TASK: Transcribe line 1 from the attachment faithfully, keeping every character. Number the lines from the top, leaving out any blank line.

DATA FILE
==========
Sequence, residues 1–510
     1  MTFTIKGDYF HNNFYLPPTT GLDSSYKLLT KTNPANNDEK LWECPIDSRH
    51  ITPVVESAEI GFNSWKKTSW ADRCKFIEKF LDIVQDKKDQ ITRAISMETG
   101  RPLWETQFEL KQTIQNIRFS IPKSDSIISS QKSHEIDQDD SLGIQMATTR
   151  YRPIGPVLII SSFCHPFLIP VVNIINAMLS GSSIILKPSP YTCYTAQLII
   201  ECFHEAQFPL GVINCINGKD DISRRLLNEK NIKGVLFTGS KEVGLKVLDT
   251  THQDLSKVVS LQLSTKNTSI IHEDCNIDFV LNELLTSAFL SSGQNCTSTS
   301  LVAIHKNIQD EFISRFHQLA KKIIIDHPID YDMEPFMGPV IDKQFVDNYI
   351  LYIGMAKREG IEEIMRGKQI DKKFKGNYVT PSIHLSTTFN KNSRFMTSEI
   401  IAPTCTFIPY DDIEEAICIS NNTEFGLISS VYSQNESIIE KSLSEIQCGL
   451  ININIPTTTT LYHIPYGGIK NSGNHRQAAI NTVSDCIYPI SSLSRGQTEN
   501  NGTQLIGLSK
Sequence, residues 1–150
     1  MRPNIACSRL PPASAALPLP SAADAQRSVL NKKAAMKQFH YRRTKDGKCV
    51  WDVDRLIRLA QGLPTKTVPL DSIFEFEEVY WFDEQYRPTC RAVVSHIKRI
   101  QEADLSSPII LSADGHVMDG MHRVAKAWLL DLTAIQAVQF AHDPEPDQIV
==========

Sequence, residues 1–510